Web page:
My eyes don’t work anymore. I can’t see a pristine building, river or person and think that it is inevitably harboring life.
My ears don’t work anymore. I can’t listen to a sermon, a song or an excuse without sifting it for transformational substance.
My hands don’t work anymore. I can’t animate them to guard my rights assuming others have the same capacity to ensure their own.
My tongue and nose don’t work anymore. I can’t taste and smell the clichéd and commercial and call it good.
For me, I was ruined in the context of working internationally. Ruined by scooting up to a round table with folks who don’t see the world the way I was taught to see it. Ruined by being the hands by which a good book makes it into an impoverished child’s backpack. Ruined by the realization that everything good in me is in spite of me and ruined by the questions I can’t help but ask. Ruined by a faith that is strong enough and supple enough to resonate with every tribe.
What is true about us? We each have circumstances that make living into purpose easy in some aspects and challenging in others. For instance, family of origin may launch us with both resources and confidence into great unknowns like higher education and travel. But we may also live through deep rejection and a history of malnourished intimacy struggling to move more fully into sharpening relationships with others. Soberly acknowledging what is true about us can be a step towards transformation.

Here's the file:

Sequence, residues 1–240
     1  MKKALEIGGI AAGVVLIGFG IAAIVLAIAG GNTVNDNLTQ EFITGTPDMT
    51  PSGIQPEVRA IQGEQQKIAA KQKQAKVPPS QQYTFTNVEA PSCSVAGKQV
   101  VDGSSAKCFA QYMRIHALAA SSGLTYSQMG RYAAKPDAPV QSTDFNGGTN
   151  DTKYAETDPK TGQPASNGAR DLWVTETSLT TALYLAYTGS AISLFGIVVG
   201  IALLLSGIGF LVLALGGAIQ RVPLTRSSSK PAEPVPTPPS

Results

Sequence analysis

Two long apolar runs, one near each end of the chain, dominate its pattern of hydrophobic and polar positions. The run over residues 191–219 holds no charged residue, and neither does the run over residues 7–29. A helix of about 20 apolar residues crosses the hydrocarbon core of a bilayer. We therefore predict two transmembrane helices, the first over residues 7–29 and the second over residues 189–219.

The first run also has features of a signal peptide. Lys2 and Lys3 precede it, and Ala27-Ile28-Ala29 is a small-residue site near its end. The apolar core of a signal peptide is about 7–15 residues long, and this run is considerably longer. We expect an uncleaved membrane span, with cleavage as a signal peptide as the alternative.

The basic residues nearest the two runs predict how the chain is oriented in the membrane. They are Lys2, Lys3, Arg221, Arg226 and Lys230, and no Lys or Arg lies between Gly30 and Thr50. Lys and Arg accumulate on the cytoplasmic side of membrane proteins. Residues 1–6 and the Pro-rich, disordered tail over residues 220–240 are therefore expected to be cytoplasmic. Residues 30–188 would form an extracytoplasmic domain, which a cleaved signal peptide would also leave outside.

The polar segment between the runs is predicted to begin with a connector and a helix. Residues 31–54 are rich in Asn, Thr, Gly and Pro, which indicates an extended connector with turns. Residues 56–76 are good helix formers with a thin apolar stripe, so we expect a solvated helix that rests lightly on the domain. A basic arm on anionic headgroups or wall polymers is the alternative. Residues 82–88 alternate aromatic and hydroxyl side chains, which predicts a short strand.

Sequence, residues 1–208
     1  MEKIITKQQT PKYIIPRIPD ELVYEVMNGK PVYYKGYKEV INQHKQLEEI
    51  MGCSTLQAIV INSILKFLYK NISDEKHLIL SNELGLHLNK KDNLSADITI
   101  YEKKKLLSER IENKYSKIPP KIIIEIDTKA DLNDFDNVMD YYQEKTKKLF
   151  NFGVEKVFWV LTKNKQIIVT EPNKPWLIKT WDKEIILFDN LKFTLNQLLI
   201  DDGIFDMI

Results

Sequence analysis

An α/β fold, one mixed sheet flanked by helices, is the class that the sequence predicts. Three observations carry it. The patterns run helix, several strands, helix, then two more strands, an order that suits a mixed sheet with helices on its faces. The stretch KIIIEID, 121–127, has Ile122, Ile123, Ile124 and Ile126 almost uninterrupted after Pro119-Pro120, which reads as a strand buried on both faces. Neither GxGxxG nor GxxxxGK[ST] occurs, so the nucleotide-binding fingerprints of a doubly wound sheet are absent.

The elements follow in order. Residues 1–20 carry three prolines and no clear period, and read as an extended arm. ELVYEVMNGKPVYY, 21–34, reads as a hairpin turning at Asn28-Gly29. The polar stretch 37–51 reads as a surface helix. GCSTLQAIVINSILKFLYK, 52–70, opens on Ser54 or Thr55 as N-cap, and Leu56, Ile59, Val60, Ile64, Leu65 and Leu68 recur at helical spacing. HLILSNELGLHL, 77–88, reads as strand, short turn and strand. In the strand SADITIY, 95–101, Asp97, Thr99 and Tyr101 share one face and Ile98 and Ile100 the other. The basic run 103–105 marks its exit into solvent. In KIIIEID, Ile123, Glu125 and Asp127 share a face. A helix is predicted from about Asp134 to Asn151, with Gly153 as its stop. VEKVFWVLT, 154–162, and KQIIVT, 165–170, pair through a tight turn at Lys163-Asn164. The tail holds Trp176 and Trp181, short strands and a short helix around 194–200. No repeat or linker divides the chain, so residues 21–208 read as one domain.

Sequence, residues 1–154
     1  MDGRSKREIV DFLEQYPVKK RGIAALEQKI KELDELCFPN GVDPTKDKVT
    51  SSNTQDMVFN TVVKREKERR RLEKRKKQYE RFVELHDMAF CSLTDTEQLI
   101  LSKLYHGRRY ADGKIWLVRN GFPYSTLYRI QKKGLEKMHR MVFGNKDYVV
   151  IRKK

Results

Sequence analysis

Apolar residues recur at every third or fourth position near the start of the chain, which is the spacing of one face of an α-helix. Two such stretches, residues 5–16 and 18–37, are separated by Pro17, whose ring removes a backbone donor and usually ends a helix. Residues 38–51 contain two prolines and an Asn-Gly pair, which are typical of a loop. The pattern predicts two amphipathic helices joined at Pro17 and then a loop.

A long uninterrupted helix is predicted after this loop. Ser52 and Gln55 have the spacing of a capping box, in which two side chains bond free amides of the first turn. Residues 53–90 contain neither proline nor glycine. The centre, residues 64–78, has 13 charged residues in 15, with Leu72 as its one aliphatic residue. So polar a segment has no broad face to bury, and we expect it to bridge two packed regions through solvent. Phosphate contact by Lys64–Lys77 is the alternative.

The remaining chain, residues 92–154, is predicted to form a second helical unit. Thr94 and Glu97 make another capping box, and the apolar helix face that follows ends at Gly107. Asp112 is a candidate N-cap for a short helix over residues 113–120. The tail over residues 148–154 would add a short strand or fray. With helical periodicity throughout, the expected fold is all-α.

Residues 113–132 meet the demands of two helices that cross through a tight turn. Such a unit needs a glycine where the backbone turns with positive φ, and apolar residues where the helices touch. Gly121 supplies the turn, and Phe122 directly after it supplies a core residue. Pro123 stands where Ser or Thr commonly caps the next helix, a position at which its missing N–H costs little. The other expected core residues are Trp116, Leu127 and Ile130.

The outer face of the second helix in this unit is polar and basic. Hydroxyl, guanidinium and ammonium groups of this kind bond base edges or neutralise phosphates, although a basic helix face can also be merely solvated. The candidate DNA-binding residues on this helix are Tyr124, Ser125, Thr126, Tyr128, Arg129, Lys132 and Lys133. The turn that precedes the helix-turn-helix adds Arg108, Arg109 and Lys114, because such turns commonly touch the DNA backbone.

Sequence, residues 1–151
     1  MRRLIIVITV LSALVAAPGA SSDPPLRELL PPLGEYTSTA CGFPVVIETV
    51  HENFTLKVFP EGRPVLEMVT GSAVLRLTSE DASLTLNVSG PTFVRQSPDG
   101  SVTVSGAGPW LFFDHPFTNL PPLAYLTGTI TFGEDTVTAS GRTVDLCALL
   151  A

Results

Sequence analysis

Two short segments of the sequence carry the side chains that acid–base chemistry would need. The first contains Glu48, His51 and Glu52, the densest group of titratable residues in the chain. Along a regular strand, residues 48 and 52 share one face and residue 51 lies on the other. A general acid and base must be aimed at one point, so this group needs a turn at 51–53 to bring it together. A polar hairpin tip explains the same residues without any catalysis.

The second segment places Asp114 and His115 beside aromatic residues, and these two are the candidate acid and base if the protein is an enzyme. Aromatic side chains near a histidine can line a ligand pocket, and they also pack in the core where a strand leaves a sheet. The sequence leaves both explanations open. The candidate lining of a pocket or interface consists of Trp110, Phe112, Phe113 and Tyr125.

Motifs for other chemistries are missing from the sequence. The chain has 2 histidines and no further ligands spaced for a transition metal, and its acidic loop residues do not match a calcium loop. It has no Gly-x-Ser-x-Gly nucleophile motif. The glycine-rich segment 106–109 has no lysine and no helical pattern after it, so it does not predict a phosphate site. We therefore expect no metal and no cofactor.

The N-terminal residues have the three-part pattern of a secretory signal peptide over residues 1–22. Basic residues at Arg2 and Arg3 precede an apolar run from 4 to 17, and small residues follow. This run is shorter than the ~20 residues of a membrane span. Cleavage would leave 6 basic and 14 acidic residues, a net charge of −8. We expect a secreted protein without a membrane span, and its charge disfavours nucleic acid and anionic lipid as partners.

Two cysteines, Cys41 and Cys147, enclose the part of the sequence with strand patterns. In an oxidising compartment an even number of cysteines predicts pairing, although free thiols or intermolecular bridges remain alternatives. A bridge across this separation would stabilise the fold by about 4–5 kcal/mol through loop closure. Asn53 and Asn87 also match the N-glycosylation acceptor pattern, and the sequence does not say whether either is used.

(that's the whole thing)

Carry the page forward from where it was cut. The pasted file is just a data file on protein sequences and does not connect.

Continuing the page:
On the mornings we wake up thinking, What am I doing here? either laughing in disbelief or clutching the bedclothes in angst, the temptation is to isolate and insulate. We resolve to live into the abundance that is ours and to normalize it by surrounding ourselves with others who think and act like us, to reject other forms that once moved us but have been found wanting. (Note: for me this happens more frequently in my hometown than in my China town.)
I may not always have the luxury of sleeping on a weighty plywood mattress crammed into the space between the corner and the door-frame for the purpose of getting up in the morning and biking in the freezing temperatures to teach English to groups with gaps in education, economy and motivation. Someday I may have to wake on a soft feather pillow, take an endlessly hot shower and drive myself to an office where my contributions are appreciated and my efforts are generously compensated. Someday I may have to live a different dream.
Our purpose is often packaged in a role (parenting, teaching, leading), a relationship (wife, friend, daughter, sister), or a location (urban, terraced mountains, tropics). This is risky business because even the best and most fulfilling attachments and ambitions are temporary. Purpose is both general and specific. Think in moments and years. Think globally and locally. Purpose has to be transferrable. Otherwise, we are the wanderers who actually are lost, without vision to see the gold that actually does glitter.
What context has ruined you? What purpose is transferrable for you regardless of where you are or what roles you fill?